Home Around Town Mike’s Musings Michael Wilcox, Publisher/Editor Dorian Bears Down As I Scramble To Get Work Done

Mike’s Musings Michael Wilcox, Publisher/Editor Dorian Bears Down As I Scramble To Get Work Done


Hurry up and wait.
That’s what I’ve been
doing as I await Hurricane
Dorian to bring its powerful
winds and torrential
rain to my new home in
The hurry-up part began
on Friday when I scurried
from one of my newspaper
offices to pick-up my
freshman college-bound
son . He was 2 ½ hours
away, and then of course
we had to drive him to his
school of choice, unpack
the car, and hike his
refrigerator, television and
miscellaneous gear up four
flights of stairs to his home
for hopefully the next four
This is not a new situation
for many of us, but
all sorts of emotions and
memories invade your
mind. This may be a rite
of passage for him, but for
parents, who now must let
go and let their son experience
life without you,
it’s pretty darn difficult.
You think about when he
was born, his first day of
kindergarten, then middle
school and high school and
feelings are two parts sad
and one part happy. I know
my son will adjust just fine
and make us all proud, but
walking away from his
college dorm brought tears
to my eyes.
But they quickly dissipate
as I had to rush to
the airport to board a plane
to Atlanta. Yes my drive
is there, so that I can visit
my Alabama newspaper
and get a carload of stuff
from our Georgia house
to take to our new house
in Florida. My stay has

to be extra brief this time
around, because Dorian is
predicted to make landfall
directly at the town in
which we now live. And
it is predicted to happen
within twenty-four hours.
Thus, I get behind the
wheel and made the 10-
hour trip to my Florida
home. On the way I pass
scores of power truckssome
from Georgia, some
from Pennsylvania, but
they are on the way to
help us poor souls that will
most likely lose power.
I’m now home and feel
we have done all we can to
prepare for the impending
hurricane. It has slowed
and now we are told it
will not make landfall
but instead, will skirt up
the coast but because it
is so large and powerful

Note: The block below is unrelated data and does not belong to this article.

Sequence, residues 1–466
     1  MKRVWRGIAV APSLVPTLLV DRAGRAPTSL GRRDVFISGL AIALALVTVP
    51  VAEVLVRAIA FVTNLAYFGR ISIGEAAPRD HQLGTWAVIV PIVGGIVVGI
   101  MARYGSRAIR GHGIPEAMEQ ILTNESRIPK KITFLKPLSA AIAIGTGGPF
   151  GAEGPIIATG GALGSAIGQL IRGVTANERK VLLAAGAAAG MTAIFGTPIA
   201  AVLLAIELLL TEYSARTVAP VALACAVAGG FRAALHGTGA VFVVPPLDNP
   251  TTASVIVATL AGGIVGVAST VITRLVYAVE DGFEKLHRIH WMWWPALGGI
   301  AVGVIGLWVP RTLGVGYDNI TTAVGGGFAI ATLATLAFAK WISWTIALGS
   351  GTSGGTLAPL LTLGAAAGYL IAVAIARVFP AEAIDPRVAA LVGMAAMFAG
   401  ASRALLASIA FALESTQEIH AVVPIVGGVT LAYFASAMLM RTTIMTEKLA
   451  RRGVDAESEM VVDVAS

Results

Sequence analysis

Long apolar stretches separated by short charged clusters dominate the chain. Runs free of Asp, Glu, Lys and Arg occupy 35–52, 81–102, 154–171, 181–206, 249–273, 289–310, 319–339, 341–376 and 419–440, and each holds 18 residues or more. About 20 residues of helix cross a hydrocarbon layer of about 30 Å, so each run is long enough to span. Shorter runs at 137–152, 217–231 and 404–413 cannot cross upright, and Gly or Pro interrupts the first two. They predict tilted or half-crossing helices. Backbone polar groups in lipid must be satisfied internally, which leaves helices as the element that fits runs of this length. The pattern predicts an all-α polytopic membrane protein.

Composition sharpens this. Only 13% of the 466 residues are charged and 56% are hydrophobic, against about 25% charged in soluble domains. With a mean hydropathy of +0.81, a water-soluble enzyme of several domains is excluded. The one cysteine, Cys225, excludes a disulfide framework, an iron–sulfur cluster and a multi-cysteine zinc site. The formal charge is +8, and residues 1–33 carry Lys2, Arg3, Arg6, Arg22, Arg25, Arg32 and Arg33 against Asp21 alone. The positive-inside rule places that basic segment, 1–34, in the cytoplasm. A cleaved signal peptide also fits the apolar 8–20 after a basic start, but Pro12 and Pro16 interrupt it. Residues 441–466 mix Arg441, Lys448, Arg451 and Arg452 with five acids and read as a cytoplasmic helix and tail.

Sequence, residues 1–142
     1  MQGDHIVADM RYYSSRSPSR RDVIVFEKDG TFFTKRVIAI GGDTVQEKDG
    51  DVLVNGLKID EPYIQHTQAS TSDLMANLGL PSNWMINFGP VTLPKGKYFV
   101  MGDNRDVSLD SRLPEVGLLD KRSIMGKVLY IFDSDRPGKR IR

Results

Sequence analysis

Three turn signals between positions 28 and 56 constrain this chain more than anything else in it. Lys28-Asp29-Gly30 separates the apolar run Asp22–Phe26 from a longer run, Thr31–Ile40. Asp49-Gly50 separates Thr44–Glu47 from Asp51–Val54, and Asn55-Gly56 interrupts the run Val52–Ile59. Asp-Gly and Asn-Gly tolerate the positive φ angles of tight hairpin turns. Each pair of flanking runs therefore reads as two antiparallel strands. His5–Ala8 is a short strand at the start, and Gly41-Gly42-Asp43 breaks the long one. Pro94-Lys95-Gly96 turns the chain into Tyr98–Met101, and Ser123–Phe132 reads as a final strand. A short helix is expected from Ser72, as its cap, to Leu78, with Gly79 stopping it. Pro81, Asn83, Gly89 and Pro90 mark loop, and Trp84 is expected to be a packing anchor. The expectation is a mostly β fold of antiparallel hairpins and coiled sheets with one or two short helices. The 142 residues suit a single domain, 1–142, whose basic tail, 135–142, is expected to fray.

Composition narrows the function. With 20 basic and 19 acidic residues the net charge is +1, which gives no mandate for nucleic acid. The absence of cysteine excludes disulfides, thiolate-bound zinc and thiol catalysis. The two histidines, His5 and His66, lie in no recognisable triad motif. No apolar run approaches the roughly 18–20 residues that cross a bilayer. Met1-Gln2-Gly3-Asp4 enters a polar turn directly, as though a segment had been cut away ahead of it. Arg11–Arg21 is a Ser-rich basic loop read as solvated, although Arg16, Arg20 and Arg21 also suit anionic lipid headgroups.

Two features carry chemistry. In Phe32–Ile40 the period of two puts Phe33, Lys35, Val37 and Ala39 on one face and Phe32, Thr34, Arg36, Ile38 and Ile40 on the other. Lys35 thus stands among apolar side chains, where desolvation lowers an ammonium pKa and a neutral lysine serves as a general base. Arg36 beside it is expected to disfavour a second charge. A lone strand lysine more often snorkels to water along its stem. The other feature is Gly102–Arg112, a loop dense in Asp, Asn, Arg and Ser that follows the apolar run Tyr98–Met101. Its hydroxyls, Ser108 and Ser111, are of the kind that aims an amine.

will still impact us like a
category 1 or 2 would. So
what was suppose to bring
100 mph winds and rain
in the evening, and then
was scheduled for next
morning, and now later
this afternoon, is simply a
waiting game. Television
stations down here blurt
out a constant stream of
weather reports while the
shelves of grocery stores
are nearly empty.
Fortunately the wait
allows me to write this
column and prepare for tomorrow
(Tuesdays) deadlines.
I suspect I won’t
have power tomorrow so
I’ll be working from a
cellphone, of course until
that dies.
Hopefully the house
stays together. I am not
new to hurricane destruction.
I have literally watch
two hurricanes do great
damage to homes I owned
previously in Florida. I
watched one sink a new
boat I had just purchased,
destroying the boat lift
it hung on, and the dock
connected to it. I watched
as a second lifted shingle
after shingle from the
house, forcing me to build
a new roof and have the
entire interior of the house
A logical question for
me might be “Hey dummy
if you’ve had two houses
badly damaged by hurricanes,
why would you
move back to an area that
is so susceptible to these
massive storms?”
As the rain starts beating
on the window sideways,
and the palm trees
are beginning to sway
endlessly, I would have
to answer that’s the price
you pay for good weather
most of the time. But then
again, I’m now watching
the winds and rain
intensify, knowing that
this is only the beginning,
and wondering why I had
walked away so quickly
from my son’s college. I
could have bunked with
my son, enjoy electricity
and air conditioning
and decent weather. Now
I don’t know what lies